Technologies for Energy Efficiency
Learning Objectives - After this course, you should be able to:
- Explain the components of a solar hot water heat transfer appliance.
- Discuss the benefits of using fans in both residential and commercial buildings.
- Recognize the three dimensions of energy-efficient window design.
- Discuss the advantages of raised floor air plenums and raised floors for high-performance energy savings.
THE CALL FOR ENERGY EFFICIENCY
In June, 2009, President Obama and U.S. Energy Secretary, Steven Chu, announced a major initiative towards promoting energy efficiency. "One of the fastest, easiest, and cheapest ways to make our economy stronger and cleaner is to make our economy more energy efficient," said President Obama. "That's why we made energy efficiency investments a focal point of the Recovery Act. And that's why today's announcements are so important. By bringing more energy-efficient technologies to American homes and businesses, we won't just significantly reduce our energy demand; we'll put more money back in the pockets of hardworking Americans."1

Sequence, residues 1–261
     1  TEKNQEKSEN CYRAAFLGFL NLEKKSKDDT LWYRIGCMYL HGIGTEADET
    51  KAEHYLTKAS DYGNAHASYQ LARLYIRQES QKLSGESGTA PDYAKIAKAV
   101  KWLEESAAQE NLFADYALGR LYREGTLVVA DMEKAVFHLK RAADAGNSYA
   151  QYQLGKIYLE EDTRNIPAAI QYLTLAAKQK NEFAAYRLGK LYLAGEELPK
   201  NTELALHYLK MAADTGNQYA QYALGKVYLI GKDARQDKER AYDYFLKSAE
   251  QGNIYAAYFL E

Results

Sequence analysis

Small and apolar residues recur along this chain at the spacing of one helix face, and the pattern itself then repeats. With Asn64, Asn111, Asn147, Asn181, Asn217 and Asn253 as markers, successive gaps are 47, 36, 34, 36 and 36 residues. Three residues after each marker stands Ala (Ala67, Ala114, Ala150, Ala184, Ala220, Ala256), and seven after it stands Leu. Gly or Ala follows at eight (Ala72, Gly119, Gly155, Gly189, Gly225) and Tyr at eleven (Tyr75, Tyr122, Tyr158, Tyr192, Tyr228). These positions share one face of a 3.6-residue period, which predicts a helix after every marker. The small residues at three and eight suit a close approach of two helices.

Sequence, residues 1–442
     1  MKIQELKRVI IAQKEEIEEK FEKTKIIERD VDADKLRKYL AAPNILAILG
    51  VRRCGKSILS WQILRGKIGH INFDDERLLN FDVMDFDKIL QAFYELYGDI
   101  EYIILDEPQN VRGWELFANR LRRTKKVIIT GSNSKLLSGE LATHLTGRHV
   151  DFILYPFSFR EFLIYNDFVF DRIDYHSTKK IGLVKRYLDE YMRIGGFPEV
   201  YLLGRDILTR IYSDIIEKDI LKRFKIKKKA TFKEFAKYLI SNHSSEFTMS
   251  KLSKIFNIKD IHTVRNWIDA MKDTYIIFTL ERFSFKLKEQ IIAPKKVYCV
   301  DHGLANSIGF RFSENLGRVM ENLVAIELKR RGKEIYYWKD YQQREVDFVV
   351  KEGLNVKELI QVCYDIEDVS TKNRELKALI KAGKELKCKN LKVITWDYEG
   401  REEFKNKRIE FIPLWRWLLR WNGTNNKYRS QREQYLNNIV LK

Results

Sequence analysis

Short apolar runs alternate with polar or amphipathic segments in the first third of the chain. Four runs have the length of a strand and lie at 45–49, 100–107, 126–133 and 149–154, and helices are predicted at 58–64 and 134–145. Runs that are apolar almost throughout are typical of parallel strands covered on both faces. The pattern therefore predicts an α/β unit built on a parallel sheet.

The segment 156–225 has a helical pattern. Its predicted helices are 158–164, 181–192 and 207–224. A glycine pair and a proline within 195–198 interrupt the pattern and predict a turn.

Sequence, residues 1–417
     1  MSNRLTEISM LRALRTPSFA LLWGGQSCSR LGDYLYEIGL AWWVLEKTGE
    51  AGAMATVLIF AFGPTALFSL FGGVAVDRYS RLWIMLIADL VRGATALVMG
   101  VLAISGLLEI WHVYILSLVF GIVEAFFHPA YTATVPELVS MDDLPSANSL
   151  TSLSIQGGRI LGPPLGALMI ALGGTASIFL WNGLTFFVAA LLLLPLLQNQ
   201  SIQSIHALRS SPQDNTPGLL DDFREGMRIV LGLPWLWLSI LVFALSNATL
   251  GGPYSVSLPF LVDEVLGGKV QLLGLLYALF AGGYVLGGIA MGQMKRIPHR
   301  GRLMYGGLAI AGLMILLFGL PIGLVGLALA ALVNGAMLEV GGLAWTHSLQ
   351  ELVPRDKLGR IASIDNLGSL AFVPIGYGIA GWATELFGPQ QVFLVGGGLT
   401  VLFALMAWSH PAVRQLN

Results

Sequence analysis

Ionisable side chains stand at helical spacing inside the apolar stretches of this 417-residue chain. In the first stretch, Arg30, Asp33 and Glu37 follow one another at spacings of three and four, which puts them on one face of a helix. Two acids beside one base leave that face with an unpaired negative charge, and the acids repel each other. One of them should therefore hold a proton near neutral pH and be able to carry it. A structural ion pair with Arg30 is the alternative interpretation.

For professionals, this means new incentives for increasing the energy efficiency of buildings. Manufacturers are responding to this call with new technologies and new corporate commitments. "Advancing energy efficiency as an important first step toward sustainability makes sense no matter how you approach it. Whether it is about home efficiency, vehicle efficiency or large-scale building efficiency, we all have a role to play. The renewed focus on personal and corporate financial responsibility furthers the attractiveness of the myriad solutions available today to consumers and businesses, it adds up financially as well. It's about more than carbon emissions it's also about the bottom line," commented Scott Alwine, LEED AP, and Marketing Manager at Tate Access Floors.
Hot water from the sun adds to the environmental serenity of this lake house view.
Photo courtesy of Amador Solar